Let’s say, in some other reality, Jennifer Lawrence hadn’t met David O. Russell and her career had (thus far) just been built upon an impressively gritty debut (Winter’s Bone) and a teen action franchise (Hunger Games), would we hold her in such high regard?
I rather doubt it. And this really isn’t a dig, but it’s fair to say her collaboration with writer-director David O. Russell over three films now (Silver Linings Playbook, American Hustle and now Joy) have hugely elevated her career – in terms of dramatic credentials – and evolved her talent as one of Hollywood’s top actresses.
One thing it’s worth noting is that she’s always been able to hold the screen well and could carry a film right from the start of her career but, each time she works with O. Russell, he pushes her further. She evolves and matures.
Now it’s arguable that Silver Linings Playbook may be a more satisfying film for audiences, but in Joy she perhaps gives a more complete and complex performance. Oscar material some say it may be, but first and foremost we as the audience must connect with her character and journey. Which we do, of course.
When we meet Joy she’s a young girl with hopes and dreams who likes to make things. Flash forward and she’s a young mother looking after a demented father (Robert de Niro) who’s been booted out of his latest relationship and a cabaret singer ex-husband (Edgar Ramirez) who both end up living in her basement. Oh, and a mother (Virginia Madsen) who spends her time in bed endlessly watching soaps and no one appears to be doing much to hold the family together, except Joy. And so she’s lost her lust and vitality for life, scraping a living trying to make ends meet.
On paper you might say this has quirky Wes Anderson written all over it. But David O. Russell tends to do things his own way and it’s almost always substance over style and character drives everything. And Joy is a character, that’s evident. She evolves in clear and distinct ways. From the moment she invents her Miracle Mop she’s focused and more driven. There’s an edge to her and she becomes more hardened and glassy-eyed each time she faces a new challenge, whether it’s from those closest to her putting her down in well-meaning but ultimately rather tactless ways, or those she meets in business who try and get one over on her and more often than not, emphatically fail.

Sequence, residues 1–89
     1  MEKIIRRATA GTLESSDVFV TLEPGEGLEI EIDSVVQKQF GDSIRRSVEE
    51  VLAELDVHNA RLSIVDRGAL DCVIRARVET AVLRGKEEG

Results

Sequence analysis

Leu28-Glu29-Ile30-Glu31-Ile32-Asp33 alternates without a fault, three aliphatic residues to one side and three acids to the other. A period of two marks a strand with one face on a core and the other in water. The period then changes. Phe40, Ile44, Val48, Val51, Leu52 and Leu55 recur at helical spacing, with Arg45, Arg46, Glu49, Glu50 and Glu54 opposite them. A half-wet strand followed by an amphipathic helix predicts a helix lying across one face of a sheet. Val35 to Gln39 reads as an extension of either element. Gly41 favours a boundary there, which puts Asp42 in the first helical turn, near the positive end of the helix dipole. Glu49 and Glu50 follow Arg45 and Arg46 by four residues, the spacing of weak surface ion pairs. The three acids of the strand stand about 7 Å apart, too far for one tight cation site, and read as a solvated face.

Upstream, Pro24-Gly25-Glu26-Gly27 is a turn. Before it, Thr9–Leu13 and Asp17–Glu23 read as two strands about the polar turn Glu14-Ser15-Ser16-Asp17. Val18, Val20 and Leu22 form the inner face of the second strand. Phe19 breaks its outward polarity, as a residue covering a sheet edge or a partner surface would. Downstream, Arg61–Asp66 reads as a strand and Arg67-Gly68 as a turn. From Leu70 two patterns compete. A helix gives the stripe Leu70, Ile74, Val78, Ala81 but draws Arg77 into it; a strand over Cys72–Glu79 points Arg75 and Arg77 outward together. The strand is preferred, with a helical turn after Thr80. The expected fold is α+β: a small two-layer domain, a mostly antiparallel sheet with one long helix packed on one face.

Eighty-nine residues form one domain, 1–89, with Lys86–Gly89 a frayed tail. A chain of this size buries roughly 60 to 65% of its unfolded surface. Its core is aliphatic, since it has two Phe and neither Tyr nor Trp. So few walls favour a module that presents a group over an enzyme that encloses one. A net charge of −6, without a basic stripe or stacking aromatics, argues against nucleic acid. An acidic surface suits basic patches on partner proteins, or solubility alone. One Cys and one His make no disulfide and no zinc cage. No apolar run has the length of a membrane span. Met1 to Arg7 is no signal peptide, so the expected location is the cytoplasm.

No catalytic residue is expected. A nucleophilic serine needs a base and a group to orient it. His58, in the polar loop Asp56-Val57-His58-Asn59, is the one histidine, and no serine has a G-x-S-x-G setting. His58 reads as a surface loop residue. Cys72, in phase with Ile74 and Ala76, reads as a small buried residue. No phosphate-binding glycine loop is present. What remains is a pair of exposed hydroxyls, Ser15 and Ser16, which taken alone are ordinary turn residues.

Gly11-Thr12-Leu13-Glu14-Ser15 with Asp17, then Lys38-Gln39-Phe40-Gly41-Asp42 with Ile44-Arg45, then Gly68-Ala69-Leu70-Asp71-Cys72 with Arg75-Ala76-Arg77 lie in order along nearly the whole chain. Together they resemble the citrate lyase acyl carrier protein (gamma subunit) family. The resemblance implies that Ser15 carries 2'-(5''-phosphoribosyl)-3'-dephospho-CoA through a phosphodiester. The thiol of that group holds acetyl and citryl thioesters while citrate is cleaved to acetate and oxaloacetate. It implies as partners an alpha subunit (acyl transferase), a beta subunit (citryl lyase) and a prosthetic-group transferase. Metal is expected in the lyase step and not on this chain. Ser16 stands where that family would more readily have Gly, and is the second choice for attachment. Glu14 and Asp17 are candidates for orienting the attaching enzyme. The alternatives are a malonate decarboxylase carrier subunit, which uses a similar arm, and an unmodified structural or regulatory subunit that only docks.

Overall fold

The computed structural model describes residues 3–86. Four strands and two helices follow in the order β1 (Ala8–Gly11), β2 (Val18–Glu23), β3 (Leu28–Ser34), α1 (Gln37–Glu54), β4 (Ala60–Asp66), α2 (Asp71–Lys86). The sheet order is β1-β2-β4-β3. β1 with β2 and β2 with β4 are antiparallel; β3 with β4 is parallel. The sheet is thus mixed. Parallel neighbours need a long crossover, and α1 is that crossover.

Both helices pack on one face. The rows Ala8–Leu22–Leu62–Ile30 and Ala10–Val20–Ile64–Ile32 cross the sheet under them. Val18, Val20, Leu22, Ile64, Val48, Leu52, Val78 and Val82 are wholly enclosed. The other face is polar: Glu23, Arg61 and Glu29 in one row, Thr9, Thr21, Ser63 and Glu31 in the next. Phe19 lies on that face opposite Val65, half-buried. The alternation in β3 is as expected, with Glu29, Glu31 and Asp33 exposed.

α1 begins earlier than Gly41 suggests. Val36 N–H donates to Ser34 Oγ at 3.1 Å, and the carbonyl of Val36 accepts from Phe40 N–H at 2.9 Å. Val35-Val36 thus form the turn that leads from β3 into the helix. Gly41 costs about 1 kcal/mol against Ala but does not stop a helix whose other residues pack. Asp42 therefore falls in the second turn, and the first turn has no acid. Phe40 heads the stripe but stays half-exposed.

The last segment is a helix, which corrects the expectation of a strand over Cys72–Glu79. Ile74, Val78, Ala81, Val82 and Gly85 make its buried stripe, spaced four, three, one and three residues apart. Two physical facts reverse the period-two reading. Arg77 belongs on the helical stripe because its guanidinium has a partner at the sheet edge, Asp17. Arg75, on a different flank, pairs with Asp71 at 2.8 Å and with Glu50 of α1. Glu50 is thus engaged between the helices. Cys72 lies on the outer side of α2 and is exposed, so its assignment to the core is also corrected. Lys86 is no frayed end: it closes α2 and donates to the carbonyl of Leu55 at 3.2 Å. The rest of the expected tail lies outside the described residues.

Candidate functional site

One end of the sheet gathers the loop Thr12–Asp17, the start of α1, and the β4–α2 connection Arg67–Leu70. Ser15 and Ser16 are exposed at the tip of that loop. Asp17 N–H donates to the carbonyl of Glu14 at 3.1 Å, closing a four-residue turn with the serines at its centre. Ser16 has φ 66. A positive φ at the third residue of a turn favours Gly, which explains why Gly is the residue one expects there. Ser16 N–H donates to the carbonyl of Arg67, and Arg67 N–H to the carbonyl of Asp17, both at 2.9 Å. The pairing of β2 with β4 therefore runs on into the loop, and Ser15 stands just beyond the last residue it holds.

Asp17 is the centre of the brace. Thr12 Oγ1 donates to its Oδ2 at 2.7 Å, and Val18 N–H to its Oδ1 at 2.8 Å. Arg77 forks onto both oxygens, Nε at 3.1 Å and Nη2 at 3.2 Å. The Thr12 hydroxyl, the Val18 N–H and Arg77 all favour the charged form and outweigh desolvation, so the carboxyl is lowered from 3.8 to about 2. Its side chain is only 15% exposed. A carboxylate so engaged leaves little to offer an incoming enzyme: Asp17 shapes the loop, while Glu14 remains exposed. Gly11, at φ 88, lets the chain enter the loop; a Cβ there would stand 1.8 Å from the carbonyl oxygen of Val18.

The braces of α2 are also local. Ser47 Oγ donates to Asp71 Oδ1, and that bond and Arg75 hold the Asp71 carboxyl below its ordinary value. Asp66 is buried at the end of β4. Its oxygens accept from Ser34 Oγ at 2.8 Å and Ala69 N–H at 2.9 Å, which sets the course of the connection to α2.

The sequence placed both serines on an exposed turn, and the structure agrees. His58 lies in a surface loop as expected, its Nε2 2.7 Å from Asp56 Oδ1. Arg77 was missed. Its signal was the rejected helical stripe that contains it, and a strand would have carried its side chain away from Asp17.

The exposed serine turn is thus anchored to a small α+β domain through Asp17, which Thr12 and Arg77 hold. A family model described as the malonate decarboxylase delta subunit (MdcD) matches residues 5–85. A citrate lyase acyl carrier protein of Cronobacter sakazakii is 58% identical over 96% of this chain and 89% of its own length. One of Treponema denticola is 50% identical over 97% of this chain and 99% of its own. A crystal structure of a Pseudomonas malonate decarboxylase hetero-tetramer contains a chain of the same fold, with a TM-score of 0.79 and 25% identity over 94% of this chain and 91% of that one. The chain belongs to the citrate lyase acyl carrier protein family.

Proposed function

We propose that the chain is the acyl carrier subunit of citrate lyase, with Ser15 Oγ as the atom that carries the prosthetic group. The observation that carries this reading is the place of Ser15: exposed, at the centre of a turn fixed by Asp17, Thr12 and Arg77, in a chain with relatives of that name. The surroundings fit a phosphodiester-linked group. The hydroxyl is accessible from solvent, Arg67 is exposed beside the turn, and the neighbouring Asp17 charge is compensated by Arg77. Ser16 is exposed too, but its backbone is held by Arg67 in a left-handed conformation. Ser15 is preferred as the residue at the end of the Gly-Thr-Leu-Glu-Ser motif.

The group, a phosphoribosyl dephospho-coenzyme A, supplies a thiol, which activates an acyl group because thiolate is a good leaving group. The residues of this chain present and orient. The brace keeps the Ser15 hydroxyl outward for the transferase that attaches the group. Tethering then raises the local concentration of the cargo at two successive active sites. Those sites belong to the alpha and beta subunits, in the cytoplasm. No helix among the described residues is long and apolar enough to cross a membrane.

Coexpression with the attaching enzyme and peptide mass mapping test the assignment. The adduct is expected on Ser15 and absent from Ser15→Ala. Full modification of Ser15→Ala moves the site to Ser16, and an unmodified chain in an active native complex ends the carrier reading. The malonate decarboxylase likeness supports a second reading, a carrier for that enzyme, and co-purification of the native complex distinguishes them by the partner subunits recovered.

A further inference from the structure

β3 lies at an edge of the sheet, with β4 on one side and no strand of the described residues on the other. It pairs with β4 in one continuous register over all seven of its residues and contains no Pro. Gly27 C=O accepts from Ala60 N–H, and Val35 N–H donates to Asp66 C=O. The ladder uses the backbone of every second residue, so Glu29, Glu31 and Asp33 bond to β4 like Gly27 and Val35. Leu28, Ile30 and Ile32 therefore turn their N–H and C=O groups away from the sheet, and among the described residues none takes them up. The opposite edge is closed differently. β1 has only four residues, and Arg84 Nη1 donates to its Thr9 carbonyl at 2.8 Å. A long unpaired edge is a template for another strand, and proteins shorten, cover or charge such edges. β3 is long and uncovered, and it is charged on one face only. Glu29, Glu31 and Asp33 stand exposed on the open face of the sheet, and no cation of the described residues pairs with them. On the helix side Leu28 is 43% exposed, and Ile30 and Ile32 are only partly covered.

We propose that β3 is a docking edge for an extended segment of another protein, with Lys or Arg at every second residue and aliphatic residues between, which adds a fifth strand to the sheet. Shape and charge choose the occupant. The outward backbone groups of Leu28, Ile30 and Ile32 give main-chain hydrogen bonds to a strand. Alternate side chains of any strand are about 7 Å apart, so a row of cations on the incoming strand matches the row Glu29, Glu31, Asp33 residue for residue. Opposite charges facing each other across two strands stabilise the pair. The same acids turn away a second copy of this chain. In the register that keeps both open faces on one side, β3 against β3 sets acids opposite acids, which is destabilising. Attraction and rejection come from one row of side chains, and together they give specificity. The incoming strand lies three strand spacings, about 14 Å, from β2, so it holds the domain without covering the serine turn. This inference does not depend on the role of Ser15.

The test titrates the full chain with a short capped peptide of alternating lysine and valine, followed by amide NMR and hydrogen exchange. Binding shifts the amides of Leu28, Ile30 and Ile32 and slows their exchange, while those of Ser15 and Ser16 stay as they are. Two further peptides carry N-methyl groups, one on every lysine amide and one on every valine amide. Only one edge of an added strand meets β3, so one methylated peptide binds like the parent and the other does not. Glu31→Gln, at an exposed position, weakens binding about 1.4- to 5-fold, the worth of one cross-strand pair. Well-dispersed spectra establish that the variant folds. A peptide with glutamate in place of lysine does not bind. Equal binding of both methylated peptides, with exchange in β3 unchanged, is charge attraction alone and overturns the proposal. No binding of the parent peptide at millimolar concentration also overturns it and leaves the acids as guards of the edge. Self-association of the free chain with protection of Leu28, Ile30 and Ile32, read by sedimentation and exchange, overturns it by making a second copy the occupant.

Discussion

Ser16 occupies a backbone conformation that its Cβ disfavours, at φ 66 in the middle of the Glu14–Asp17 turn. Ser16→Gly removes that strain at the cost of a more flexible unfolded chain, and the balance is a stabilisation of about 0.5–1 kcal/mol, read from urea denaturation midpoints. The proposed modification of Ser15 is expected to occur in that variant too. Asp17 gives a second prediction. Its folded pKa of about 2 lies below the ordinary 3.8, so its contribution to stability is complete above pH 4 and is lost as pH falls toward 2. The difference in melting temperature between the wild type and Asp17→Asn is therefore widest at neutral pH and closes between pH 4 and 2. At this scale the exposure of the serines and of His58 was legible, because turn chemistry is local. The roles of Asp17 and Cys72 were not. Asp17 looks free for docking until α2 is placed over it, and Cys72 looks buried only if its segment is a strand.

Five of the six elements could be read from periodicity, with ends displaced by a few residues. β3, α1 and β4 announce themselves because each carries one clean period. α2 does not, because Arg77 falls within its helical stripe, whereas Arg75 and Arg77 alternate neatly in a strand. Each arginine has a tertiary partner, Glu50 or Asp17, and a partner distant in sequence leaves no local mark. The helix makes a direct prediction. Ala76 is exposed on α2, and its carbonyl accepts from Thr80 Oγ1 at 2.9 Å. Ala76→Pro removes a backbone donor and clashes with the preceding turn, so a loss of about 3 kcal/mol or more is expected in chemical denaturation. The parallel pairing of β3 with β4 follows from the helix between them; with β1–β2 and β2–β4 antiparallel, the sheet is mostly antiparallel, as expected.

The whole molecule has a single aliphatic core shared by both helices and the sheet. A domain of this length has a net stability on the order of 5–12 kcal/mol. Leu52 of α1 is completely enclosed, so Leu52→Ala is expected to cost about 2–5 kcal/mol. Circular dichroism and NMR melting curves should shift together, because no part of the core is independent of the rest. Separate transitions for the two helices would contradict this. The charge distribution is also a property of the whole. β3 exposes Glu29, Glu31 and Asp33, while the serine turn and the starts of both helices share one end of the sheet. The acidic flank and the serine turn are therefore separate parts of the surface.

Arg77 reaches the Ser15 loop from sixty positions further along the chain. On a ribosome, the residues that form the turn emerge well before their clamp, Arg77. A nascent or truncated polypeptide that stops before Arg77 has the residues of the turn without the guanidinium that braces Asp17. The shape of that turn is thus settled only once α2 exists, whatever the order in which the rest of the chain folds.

And Lawrence gives her a wonderful texture and believability.
She’s always been good at delivering lines with gravitas for one so young, but she does make it look rather effortless at times, completely drawing us into her performance. The rest of the cast ain’t half bad too. If only De Niro stuck to these kinds of films from now we’d all be happier. For every Joy he does a Dirty Grandpa or some other type of drivel not worth his talent. But hey, he’s Robert de Niro, he can do what he likes.
Another David O. Russell alumni present is Bradley Cooper; more front and centre in Silver Linings Playbook here he has a smaller part, but makes an impact sharing a few rather touching scenes with Lawrence as the man who gives Joy her first big break on the QVC channel.
What’s notable about this film (in that it’s absent) is the complete lack of a romantic subplot or character with whom she ‘has to have’ steamy moments to keep the audience interested. As the film starts with the fact she’s divorced we get a flashback to their time together, but purely for character development as the story doesn’t linger there long. And rightly so, that’s not what’s being told and it would be distracting. Kudos to O. Russell for staying the course.
So what we have, at the end of it all, is quite an inspiring tale to keep pushing tenaciously for your dreams and to believe in yourself – held together masterfully by Jennifer Lawrence, who probably gets better every time I see her in a film (always a good sign).
Incidentally, not a bad way to see in gloomy January I’d say.